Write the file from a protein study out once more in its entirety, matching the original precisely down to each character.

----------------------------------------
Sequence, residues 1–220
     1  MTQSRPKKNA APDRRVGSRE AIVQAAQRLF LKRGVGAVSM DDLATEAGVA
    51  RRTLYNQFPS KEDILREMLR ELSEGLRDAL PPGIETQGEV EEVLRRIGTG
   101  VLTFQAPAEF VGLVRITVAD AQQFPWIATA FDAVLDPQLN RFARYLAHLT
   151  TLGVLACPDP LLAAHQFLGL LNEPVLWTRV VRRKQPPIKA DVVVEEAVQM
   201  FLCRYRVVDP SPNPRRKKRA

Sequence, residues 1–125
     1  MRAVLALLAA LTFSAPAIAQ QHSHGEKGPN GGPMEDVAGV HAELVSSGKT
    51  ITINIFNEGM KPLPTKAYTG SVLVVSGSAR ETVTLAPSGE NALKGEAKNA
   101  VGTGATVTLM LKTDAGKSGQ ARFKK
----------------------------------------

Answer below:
Sequence, residues 1–220
     1  MTQSRPKKNA APDRRVGSRE AIVQAAQRLF LKRGVGAVSM DDLATEAGVA
    51  RRTLYNQFPS KEDILREMLR ELSEGLRDAL PPGIETQGEV EEVLRRIGTG
   101  VLTFQAPAEF VGLVRITVAD AQQFPWIATA FDAVLDPQLN RFARYLAHLT
   151  TLGVLACPDP LLAAHQFLGL LNEPVLWTRV VRRKQPPIKA DVVVEEAVQM
   201  FLCRYRVVDP SPNPRRKKRA

Sequence, residues 1–125
     1  MRAVLALLAA LTFSAPAIAQ QHSHGEKGPN GGPMEDVAGV HAELVSSGKT
    51  ITINIFNEGM KPLPTKAYTG SVLVVSGSAR ETVTLAPSGE NALKGEAKNA
   101  VGTGATVTLM LKTDAGKSGQ ARFKK